At Midtown Medical Clinic we are well aware of the recent media alerts regarding the emerging global antibiotic resistant bacteria requiring heightened infection control measures.
The Acting Chief Health Officer Dr Finn Romanes said Victorian Hospitals should strictly enforce Australian Guidelines on managing the antibiotic resistant bacteria known as Carbapenem resistant Enterobaceriasceae (CRE).
Laboratory results indicate CRE is increasing in Victoria, predominantly driven by increased number of a particular type of CRE known as Klebsiella pneumoniaecarbopenemase-producing bacteria (KPC).
"All Victoria health services have been provided with information from the Department of Health and Human Services emphasising the need to ensure all current national standards are in place and being strictly followed", Dr Romanes said.
KPC can be present in the bowels of a patient without causing clinical disease - known as colonisation. Some of these patients may develop infection such as urinary tract or blood stream infections.
Since 2012 KCP infection or colonisation has been identified in 57 patients in Victoria. This equates to around 19 patients per year.
"Transmission of KPC between patients has resulted in a cluster of cases in Victoria, centered at St Vincent's Hospital Melbourne", Dr Romanes said.
So far this year there have been three patients infected with KPC at St Vincent's.
St Vincent's Consultant in Infectious Diseases Associate Professor Kumar Visvanathan said the hospital had enhanced its infection control measures and screening procedures - especially in relation to patients having been hospitalised overseas.
Dr Romanes said all health services should ensure suspected cases were isolated, with samples to be tested by a specialist public health laboratory.
Hospitals have also been advised to introduce new interim screening requirements, particularly for patients who have recently received medical care overseas.
"We are taking significant action to protect public health by asking all hospitals to introduce heightened infection control and prevention measures, to ensure these highly antibiotic resistant bacteria are not spread," Dr Romanis said.
Midtown Medical Clinic wishes to assure all patients that we will continue to abide by our very strict Infection Control guidelines to minimise infection risk. Antibiotic resistant bacteria can be passed from person to person in the community. Ways in which we can prevent the transmission of all organisms, including antibiotic resistant bacteria are:
- wash hands before and after food handling, going to the toilet and changing nappies
- cover your nose and mouth when coughing and sneezing
- use tissues to blow or wipe your nose
- dispose of tissues properly, either in the rubbish or toilet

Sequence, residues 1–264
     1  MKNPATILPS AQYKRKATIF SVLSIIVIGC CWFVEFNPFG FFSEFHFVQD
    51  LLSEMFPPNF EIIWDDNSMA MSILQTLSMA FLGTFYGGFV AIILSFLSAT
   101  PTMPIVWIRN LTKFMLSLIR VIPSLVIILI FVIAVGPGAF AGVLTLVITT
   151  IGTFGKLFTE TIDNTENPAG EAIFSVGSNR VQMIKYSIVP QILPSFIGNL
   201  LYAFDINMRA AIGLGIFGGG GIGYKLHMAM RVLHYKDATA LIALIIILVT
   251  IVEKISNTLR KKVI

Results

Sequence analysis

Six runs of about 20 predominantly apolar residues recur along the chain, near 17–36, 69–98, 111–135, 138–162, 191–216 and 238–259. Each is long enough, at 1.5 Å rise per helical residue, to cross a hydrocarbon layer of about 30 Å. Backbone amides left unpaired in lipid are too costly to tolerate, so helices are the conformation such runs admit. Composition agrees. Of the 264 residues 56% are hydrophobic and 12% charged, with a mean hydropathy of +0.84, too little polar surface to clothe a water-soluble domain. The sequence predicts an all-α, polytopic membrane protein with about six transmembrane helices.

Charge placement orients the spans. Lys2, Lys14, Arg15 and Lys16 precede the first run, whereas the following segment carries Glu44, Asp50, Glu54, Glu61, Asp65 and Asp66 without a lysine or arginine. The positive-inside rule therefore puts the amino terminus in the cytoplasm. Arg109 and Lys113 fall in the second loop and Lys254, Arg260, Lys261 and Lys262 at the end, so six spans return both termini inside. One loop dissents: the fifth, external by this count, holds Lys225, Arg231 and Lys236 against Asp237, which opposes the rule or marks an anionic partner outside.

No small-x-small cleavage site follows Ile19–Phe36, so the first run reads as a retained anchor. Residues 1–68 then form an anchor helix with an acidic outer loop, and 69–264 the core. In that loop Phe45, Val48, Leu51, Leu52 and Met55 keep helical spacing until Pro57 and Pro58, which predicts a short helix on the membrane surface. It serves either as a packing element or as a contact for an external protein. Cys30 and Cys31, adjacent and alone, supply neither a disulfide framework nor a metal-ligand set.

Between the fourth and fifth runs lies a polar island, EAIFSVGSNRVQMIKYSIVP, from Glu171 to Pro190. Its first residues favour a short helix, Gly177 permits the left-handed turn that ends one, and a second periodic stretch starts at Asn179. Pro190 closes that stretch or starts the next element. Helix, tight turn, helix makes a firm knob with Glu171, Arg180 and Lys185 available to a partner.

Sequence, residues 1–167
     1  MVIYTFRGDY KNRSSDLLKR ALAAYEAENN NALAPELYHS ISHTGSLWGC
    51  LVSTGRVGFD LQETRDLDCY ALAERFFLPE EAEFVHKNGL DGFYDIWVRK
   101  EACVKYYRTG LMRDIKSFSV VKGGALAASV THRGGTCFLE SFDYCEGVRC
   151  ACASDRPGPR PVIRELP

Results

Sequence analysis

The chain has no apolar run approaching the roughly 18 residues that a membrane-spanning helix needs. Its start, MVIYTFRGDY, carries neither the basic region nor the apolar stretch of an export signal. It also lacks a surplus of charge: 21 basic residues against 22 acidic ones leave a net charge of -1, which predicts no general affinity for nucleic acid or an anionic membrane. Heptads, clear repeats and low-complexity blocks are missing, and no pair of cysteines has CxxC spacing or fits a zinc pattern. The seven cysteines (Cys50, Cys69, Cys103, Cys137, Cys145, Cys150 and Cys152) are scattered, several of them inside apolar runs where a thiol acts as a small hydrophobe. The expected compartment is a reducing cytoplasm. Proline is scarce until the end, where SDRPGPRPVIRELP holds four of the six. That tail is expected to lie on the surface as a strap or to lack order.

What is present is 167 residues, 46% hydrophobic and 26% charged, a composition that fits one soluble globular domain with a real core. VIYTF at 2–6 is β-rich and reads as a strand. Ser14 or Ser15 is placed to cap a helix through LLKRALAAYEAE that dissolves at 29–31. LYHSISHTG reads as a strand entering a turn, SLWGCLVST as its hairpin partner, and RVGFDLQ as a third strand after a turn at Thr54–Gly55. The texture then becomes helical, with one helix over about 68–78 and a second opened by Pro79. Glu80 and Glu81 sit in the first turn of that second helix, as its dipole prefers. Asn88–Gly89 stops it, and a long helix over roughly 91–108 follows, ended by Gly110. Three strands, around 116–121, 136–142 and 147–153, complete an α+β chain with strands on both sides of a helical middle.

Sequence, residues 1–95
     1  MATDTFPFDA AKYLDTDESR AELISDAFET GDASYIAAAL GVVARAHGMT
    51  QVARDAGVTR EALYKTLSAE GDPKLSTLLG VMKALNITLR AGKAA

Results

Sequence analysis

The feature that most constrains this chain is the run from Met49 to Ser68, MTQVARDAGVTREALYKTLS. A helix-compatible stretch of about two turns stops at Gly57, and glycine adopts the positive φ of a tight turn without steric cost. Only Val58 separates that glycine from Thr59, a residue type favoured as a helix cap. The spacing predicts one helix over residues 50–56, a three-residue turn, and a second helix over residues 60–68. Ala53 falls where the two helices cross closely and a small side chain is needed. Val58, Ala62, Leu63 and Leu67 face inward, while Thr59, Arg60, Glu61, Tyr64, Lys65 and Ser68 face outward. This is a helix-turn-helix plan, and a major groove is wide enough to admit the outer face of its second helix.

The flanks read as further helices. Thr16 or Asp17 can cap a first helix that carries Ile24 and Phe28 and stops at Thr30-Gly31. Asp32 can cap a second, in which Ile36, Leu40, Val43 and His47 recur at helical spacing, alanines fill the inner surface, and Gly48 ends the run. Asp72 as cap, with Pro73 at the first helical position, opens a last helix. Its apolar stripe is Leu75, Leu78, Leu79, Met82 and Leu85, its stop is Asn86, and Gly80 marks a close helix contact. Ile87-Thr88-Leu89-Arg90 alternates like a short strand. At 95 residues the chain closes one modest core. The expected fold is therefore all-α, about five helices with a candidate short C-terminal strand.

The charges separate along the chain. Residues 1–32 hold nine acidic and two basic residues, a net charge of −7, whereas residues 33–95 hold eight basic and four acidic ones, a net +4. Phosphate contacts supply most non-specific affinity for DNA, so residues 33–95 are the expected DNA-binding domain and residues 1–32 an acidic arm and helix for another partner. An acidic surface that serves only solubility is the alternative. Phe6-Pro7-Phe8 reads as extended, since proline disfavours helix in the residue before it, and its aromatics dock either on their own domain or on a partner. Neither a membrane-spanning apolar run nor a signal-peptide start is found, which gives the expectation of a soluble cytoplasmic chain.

- do not spit
- stay at home if you are unwell and cannot manage your normal requirements of the day
- do not send children to child care, creche or school if they are unwell
- if you are prescribed antibiotics, take the entire course - do not stop because you are feeling better
- if you continue to feel unwell, return to see your doctor
- avoid use of products that advertise they contain antibiotics, or are antibacertial or antimicrobial, unless advised to do so by your doctor
The goal is also to prevent the further development of antibiotic resistant bacteria, not just prevent the spread of those that exist. In General Practices in Australia, many antibiotics are prescribed for upper respiratory infections such as colds and flus. Such illnesses are mosting caused by viruses and usually do not require treatment with antibiotics. Taking antibiotics will not affect the duration of a viral illness, and may bring about antibiotic resistance, even after a short course. The Doctors at Midtown Medical Clinic will only ever prescribe antibiotics when absolutely necessary, based on their professional judgement of your individual case. If you are unnecessarily prescribed antibiotics, this may allow resistant bacteria to develop in your system, limiting the efficacy of antibiotics at a time of need in the future. Unnecessary use of antibiotics will therefore be putting not only yourself at potential risk in the future, but also increasing drug resistance in the community.
Things to remember:
- antibiotic resistance is a serious public health problem
- some bacteria that are capable of causing serious disease are becoming resistant to most commonly available antibiotics
- antibiotic resistant bacteria can spread form person to person in the community and from patient to patient in hospital
- careful infection control procedures will minimise spread of these bacteria in hospitals
- good personal hygiene will minimise the spread of these bacteria in the community
- careful prescribing of antibiotics will minimise the development of more antibiotic resistant strains of bacteria.
Click here for or more information regarding antibiotic resistant bacteria.
If you have any queries at all about this issue, please do not hesitate to contact us at Midtown Medical Clinic on 9650 4284.